So you haven’t made a Will

In the United Kingdom a recent survey found that 47% of adults have not yet made a will, In Australia it is reported that 59% of Adults have a Will with a further 22% expecting to make one. In the U.S. nearly 60% of people don’t have a Will. With this in mind what are the impediments that need to be overcome to make what is in most cases a fairly simple and straightforward document.

I am sure that making a Will comes somewhere between rearranging the sock draw and having root canal but if you die intestate (without leaving a will), it leaves your loved ones with further costs and complications at an already difficult time.

The survey found a number of reasons for people not making a Will, with nearly half of the respondents believing they have nothing to leave; with cost, not wanting to think about death, and apathy being significant reasons for not getting around to it. Some people even believe that

“If I don’t make a Will my Wife/Husband/Partner/Children will get my stuff any way so it’s not worth the expense of making a will.”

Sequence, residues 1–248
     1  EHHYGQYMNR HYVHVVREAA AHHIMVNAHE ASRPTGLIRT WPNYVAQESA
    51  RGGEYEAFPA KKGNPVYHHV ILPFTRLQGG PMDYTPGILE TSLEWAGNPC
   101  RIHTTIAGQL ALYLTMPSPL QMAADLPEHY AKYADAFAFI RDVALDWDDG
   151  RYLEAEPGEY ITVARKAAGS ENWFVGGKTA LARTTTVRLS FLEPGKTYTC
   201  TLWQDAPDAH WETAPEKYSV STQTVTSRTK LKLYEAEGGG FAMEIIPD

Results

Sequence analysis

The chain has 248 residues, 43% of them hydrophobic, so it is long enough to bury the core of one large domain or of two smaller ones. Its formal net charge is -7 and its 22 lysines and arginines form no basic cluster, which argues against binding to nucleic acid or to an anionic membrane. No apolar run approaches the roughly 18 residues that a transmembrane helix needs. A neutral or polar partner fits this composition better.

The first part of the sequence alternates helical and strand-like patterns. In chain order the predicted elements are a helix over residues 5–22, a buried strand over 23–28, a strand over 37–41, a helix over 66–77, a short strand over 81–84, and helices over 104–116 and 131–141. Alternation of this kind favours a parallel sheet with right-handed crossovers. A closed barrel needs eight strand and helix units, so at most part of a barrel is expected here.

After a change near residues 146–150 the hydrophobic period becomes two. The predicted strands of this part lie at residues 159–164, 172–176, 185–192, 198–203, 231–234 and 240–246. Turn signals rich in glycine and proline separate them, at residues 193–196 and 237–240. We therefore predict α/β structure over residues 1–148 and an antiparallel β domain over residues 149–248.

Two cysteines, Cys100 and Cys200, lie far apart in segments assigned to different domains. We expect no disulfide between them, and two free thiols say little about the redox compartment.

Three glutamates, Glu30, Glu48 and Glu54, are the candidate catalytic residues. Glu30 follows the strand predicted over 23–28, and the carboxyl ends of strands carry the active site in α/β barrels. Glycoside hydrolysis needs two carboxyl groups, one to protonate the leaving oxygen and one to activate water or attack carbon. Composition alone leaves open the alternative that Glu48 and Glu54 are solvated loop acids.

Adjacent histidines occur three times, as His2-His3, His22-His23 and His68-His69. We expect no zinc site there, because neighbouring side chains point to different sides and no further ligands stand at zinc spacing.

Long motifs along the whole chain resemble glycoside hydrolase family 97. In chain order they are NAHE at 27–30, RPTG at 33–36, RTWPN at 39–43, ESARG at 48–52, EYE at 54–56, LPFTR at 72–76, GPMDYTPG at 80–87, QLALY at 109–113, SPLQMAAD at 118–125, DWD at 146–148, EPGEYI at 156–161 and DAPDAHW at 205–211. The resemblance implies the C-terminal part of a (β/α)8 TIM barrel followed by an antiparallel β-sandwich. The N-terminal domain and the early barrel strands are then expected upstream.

From experience knowing you’ve got your plans and affairs in order means that you can get on with your life knowing that your friends and family are looked after.

If you die intestate you have no say in what happens to your estate. Under the rules of intestacy your estate will be divided among certain blood relatives which may not be in line with your wishes.

We usually make Wills at a particular life stage such as getting married, having a child or buying or selling a house or other asset. Therefore its not surprising that older people and those with assets most commonly make Wills. Unfortunately not all Wills reflect the Will makers current intentions, circumstances or both of these things.

A Will makes sure your loved ones are looked after at a difficult time. It is not only about the distribution of your assets but also assists to clarify your funeral arrangements, name the executor of your estate and who will be guardian to your children.

Viewing a Will as a planning document allows you to consider financial planning, powers of Attorney and advance care directives at the same time.

Also just as you revisit financial plans overtime you should make changes to your Will particularly if you have a family business you wish to leave your children, own assets overseas, have a disabled child or step children.

Some people believe that making a Will is like going to the Dentist – something that we begrudgingly do. However it is something to assist your loved ones and to plan for your family’s future. It should be part of your financial plan that includes life and income protection insurance, advance care directives and powers of attorney.

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